Tiny Paradise: A Week on Gili Trawangan

After my three-week yoga retreat in land-locked Ubud, I was craving ocean air. So I booked a ferry ticket to Gili Trawangan, a tiny, teardrop-shaped island off the coast of Lombok.

Though Gili Trawangan (or as it is locally known, Gili T) is geographically close to Bali, culturally it’s worlds away: most of the islanders are from nearby Lombok, a predominantly Muslim island that speaks Sasak, not Balinese.

Gili Trawangan in a word is utterly, stupidly beautiful. The first time I stood on the beach and looked out at the tourmaline waters and backdrop of sharp, navy blue mountains, I couldn’t believe my luck; my last week in Asia would be spent here?

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During my week on Gili T I carved out a blissful routine; waking up to a banana pancake breakfast, riding my bike around the island’s sandy main road, snorkeling with sea turtles, sipping a Bintang with my toes in the sand.

There were so many moments that had me longing for my camera: a girl riding a lime green bike on a path strewn with magenta flower petals, a man washing his horse in the ocean with a cone-tipped island behind him.

But it was good to take a break from photography, from documenting every moment; it was healthy to just be. Sometimes it starts to feel like everything I do is for this blog. When I travel I spend my days writing posts in my head, snapping photos and imagining how they’ll be formatted on a web page.

On Gili I just soaked it in; dodging horse-carts and kinky-tailed cats on my bike (there are no cars or dogs on the island!), waking up to the call of prayer at the mosque, savoring my daily slice of homemade banana coconut bread, the juice of a freshly sliced mango.

I also found a few new ways to stay active- stand-up paddle boarding. It’s a low-key workout that let me slip into a near meditative trance; I found such joy paddling around and staring at the clear water and reefs below me.

Aside from reveling in the island’s backpacker nightlife (a much-needed escape from my ascetic existence in Ubud), here is what I got up to on Gili T.

Scuba-diving with Sharks and Sea Turtles

No visit to Gili Trawangan would be complete with a bit of diving- I splurged on two dives during my week-long visit. The diving on Gili is truly exceptional, and as my dive instructor put it, “Gili T makes Koh Tao look like a swimming pool.”  

On the first dive I tried deep-water diving for the first time and descended to 30 meters (nearly 100 feet), and after a slight mask-clearing panic I saw my first lion fish at Haliks. The instructor showed us a few deep-water diving tricks: how red becomes purple at 30m underwater (i.e. a red coke can looks like a cherry coke), and how when you break an egg the yolk stays together and you can toss it around like a volleyball.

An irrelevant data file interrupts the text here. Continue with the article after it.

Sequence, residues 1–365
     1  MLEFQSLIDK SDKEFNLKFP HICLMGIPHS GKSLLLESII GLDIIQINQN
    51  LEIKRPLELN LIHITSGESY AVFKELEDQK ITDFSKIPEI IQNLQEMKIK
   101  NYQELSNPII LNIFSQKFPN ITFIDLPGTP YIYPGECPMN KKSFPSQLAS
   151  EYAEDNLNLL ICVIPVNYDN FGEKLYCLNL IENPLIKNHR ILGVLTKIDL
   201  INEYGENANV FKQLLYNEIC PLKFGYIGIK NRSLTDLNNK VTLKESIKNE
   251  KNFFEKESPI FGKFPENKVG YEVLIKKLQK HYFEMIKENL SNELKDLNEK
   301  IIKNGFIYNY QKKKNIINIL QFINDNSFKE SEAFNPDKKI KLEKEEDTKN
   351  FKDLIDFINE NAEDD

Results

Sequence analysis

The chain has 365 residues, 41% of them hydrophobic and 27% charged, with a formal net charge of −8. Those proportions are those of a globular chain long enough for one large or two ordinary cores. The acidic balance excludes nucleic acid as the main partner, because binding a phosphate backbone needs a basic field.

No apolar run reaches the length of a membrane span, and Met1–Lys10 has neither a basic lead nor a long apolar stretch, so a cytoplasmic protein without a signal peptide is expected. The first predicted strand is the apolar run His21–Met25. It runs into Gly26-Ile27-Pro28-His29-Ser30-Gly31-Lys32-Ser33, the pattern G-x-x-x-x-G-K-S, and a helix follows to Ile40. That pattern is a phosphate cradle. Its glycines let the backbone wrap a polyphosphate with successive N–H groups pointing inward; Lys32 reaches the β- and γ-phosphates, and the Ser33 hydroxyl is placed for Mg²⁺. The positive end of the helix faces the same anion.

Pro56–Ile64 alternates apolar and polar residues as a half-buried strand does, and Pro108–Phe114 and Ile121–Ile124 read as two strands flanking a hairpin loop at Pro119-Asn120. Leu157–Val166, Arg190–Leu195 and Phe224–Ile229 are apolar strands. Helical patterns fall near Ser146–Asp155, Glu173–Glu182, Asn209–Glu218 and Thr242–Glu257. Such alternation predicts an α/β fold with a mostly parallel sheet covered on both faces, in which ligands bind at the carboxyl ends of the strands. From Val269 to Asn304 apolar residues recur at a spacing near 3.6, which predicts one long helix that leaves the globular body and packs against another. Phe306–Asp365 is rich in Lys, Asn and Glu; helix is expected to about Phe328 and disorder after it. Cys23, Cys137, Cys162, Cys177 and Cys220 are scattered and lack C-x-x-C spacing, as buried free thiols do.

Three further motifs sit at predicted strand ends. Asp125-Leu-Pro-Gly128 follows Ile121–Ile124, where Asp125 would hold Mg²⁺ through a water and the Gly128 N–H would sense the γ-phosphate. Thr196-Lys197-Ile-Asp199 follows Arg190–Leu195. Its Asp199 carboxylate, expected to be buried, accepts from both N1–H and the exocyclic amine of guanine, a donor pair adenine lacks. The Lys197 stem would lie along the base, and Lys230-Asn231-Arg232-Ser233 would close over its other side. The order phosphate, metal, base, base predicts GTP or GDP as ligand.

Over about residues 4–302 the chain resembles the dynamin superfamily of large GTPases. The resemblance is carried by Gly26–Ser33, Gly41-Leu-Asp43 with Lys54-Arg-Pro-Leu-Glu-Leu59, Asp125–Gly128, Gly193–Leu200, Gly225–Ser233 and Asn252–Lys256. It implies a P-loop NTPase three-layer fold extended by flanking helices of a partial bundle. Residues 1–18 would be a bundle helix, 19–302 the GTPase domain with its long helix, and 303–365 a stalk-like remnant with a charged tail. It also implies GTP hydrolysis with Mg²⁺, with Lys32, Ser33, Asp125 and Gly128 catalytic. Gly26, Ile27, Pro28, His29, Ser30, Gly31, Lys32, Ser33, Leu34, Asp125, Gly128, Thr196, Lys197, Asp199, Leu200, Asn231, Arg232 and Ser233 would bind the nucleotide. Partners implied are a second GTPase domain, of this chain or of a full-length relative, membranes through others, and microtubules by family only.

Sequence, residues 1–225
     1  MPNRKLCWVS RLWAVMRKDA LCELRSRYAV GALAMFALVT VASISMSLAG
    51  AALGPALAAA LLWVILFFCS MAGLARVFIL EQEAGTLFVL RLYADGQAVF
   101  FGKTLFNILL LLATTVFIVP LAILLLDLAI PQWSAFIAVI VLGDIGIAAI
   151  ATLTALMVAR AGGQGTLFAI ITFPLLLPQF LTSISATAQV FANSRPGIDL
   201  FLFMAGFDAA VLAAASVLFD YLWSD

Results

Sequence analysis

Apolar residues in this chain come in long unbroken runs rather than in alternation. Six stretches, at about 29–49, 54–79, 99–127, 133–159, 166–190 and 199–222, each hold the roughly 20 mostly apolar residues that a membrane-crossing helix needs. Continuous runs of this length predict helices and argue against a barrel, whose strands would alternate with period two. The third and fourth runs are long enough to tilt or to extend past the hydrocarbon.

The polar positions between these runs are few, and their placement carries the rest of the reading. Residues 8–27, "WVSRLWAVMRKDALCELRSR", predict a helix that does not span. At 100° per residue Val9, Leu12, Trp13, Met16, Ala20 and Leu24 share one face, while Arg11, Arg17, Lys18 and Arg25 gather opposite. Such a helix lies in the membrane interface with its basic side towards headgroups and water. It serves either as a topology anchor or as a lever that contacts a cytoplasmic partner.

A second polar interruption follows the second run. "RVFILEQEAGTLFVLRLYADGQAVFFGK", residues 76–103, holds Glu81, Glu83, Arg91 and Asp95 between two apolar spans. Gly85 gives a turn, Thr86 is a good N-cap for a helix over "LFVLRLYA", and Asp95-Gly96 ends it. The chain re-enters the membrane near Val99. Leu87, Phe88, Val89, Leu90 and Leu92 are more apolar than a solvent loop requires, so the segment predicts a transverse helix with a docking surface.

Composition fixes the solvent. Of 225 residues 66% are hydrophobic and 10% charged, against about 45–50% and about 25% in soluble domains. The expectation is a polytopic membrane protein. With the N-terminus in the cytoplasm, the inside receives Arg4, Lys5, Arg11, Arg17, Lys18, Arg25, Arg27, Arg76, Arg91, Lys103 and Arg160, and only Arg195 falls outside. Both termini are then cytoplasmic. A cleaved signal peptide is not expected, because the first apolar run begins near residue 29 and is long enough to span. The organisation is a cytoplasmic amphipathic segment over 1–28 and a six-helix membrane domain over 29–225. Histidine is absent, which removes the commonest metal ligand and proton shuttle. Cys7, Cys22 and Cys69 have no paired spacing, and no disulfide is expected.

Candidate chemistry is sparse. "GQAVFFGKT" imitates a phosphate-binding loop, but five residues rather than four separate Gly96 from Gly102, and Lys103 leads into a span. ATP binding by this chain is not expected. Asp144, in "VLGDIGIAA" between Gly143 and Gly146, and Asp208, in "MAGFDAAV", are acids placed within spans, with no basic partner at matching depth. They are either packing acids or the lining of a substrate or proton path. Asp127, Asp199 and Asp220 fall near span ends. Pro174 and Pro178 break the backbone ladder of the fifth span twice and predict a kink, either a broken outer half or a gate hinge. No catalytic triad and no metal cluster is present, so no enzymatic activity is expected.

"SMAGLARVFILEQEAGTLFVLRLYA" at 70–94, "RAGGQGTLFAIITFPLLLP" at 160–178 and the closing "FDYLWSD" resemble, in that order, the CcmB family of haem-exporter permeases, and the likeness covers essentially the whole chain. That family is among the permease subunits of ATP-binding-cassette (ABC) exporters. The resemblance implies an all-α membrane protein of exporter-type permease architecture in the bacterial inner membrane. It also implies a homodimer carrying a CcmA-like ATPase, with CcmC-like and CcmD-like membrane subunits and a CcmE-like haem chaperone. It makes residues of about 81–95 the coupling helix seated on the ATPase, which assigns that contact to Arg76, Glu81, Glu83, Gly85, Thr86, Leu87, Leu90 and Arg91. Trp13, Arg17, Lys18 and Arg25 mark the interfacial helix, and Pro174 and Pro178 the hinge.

On my second dive at 18 meters (60 feet) at Shark Point I spotted lots of sea life: a baby reef shark swimming inside a cave, four sea turtles and one enormous sea turtle that was about the size of Blastoise. (Props if you understand that reference.)

Indonesian Cooking Class

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On account of my growing love of Indonesian food (which may strongly involve peanut sauce), I signed up for a cooking class at Sweet & Spicy Gili Cooking School.

On the menu?

Gado gado with peanut sauce, nasi goreng, steamed fish in a banana leaf, curried chicken and pandan balls rolled in coconut. Gili LR1

After the class we got to feast on all the food we made! The cooking class was the perfect activity for a rainy afternoon, and I definitely plan on recreating that addictive, spicy peanut sauce at home.

Price: about 350,000 IDR, $28 USD

Night Market

The best place to have dinner on Gili T is the local night market. Frequented by both locals and backpackers, the night market serves up tons of Indonesian delicacies on the cheap. I was so annoyed I discovered it on my second to last night!

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 Satay skewers: I loved the squid, beef and chicken. They give you a paper cone of peanut sauce to accompany your satay too!

I ventured there with a big group from the hostel and munched on satay with peanut sauce and grilled red snapper with spicy sambal. It was so much fun to have dinner with a big group, sitting around a picnic table and drinking beer for hours. Gili LR2

Left to right clockwise: three types of satay (chicken, beef, fish) soto ayam (chicken soup), grilled red snapper with sambal. 

 Sunset Bar

On my last night in Gili I rode my bike with some hostel roommates to Paradise Sunset Bar to watch the sunset. While the cloudy sky made for a lackluster sunset, we still got to enjoy a couple of Bintangs in a picture-perfect setting.

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All in all my week in Gili T was so special and I think back to my stay on this tiny island all the time.

Practical Info:

Party nights on Gili T are Weds. and Sat. Irish Bar is particularly fun for dancing!

Where I Stayed: Gili Hostel. I don’t know if I can recommend this place- when I was there the bathrooms were so filthy it was hard to breath and the beds were fumigated due to a bed bug infestation. But the rooms are large and the upstairs lounge has a lively common area.

And the hostel’s right next to the mosque so be prepared to be woken up by the loud, early morning call to prayer.